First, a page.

11) Amitav Acharya, “Ideas, Identity, and Institution-building: From the „ASEAN Way‟ to the „Asia-Pacific Way‟?”, The Pacific Review, Vol. 10, No. 3 (1997), pp. 319-346.
12) Malcolm Cook and Nick Bisley, “Contested Asia and the East Asia Summit”, ISEAS Perspective, No. 46, 18 August 2016.
13) Hal Hill and Jayant Menon, “Asia‟s new financial safety net: Is the Chiang Mai Initiative designed not to be used?”, Vox, 25 July 2012, http://voxeu.org/article/chiang-mai-initiative-designed-not-be-used
14) See Seng Tan, “The Institutionalisation of Dispute Settlements in Southeast Asia: The Legitimacy of the Association of Southeast Asian Nations in De-securitising Trade and Territorial Disputes”, in Hitoshi Nasu and Kim Rubenstein, eds., Legal Perspectives on Security Institutions (Cambridge: Cambridge University Press, 2015), pp. 248-266.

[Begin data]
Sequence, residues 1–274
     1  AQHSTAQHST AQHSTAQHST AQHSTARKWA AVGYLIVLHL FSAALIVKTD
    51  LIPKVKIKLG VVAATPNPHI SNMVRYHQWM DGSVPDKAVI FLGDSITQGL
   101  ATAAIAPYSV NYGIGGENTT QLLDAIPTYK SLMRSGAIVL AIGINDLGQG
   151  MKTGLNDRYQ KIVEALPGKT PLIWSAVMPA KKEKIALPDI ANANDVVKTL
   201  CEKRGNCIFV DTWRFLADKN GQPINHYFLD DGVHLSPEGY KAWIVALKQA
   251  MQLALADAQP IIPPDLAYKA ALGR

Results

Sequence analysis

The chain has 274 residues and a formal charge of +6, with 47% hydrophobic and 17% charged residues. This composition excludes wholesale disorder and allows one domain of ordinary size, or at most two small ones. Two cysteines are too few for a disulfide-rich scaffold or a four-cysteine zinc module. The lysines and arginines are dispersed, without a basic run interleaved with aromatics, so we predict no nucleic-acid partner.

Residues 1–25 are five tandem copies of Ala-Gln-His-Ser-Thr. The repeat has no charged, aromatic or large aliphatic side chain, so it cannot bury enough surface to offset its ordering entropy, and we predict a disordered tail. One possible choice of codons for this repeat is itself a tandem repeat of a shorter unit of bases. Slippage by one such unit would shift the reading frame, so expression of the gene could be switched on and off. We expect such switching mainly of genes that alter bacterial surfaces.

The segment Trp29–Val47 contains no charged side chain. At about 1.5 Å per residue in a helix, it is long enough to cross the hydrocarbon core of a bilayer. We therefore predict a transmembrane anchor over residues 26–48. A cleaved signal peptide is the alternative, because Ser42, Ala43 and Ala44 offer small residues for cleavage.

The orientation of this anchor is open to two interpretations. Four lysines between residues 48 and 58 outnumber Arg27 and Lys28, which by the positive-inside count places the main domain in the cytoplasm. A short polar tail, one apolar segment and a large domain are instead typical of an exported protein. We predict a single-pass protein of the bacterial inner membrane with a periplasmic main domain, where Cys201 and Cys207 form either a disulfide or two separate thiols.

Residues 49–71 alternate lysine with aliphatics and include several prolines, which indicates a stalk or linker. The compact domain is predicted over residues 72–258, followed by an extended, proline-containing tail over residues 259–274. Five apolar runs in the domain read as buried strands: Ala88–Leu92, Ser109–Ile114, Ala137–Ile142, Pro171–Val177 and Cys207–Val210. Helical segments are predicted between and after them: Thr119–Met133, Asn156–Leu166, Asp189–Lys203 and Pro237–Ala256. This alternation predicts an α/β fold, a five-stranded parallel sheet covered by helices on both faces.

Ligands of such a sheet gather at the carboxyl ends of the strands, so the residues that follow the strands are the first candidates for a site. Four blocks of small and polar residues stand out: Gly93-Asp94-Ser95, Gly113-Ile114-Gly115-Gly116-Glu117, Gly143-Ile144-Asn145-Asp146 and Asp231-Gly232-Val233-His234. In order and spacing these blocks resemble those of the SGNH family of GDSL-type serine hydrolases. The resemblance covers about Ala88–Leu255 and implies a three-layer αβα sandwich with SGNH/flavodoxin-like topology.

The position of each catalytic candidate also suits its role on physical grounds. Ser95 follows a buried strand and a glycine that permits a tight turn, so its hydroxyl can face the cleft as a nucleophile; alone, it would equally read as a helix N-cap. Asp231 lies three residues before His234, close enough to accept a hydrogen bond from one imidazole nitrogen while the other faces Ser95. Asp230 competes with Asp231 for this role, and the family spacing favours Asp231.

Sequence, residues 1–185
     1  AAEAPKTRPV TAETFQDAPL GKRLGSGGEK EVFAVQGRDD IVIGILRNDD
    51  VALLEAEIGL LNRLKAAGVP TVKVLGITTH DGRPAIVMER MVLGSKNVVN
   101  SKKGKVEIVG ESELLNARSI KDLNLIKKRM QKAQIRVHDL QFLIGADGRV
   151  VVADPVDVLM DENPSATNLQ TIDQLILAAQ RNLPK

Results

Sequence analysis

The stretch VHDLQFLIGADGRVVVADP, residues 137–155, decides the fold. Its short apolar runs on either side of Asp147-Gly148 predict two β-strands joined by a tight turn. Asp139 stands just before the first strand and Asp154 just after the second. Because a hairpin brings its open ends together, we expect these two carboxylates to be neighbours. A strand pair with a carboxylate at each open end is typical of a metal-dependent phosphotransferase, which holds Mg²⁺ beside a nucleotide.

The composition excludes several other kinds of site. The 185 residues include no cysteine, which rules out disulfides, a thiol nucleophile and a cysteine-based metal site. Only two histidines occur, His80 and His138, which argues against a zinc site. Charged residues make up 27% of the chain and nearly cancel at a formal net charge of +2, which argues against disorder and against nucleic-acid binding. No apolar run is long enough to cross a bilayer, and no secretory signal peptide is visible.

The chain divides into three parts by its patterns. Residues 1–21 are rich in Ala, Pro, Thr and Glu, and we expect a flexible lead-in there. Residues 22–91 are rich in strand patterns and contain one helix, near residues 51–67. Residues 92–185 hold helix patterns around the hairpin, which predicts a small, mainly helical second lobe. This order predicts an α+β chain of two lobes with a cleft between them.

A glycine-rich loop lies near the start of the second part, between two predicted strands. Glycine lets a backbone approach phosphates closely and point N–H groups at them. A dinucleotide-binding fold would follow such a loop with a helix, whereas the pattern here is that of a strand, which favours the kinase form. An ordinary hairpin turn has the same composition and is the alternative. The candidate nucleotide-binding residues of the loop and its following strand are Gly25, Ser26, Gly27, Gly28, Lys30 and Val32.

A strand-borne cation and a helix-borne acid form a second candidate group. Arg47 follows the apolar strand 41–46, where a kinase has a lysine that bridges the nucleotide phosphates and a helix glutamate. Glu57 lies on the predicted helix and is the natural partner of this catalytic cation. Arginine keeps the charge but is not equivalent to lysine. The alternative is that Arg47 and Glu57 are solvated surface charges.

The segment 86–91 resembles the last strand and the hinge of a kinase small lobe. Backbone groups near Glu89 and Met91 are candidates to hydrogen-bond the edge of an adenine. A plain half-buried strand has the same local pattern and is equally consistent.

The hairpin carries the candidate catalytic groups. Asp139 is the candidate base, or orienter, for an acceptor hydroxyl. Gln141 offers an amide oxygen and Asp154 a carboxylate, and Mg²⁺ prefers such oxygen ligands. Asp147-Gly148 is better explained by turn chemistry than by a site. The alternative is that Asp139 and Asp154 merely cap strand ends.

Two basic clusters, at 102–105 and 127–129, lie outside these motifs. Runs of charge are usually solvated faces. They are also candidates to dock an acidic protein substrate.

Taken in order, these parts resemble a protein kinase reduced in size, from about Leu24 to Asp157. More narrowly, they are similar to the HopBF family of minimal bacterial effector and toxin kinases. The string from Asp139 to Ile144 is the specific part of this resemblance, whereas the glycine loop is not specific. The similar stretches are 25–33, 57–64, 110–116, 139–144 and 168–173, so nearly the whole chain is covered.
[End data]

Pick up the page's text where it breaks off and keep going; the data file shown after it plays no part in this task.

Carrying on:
15) WSim, “Australia, Japan lobby for TPP-11”, The Straits Times, 21 April 2017, http://www.straitstimes.com/asia/east-asia/australia-japan-lobby-for-tpp-11 “’TPP 11′ to Washington: We’ll keep your seat warm”, Nikkei Review, 16 May 2017,
http://asia.nikkei.com/Politics-Economy/International-Relations/TPP-11-to-Washington-We-ll-keep-your-seat-warm
16) Shefali Rekhi, “Will RCEP be a reality by the end of 2017?” The Straits Times, 23 April 2017,
http://www.straitstimes.com/asia/se-asia/will-rcep-be-a-reality-by-the-end-of-2017
17) Eric Johnston, “16-nation RCEP talks resume in wake of TPP‟s demise”, The Japan Times, 27 February 2017,
http://www.japantimes.co.jp/news/2017/02/27/business/16-nation-rcep-talks-resume-wake-tpps-demise/#.WR1RaU21v3g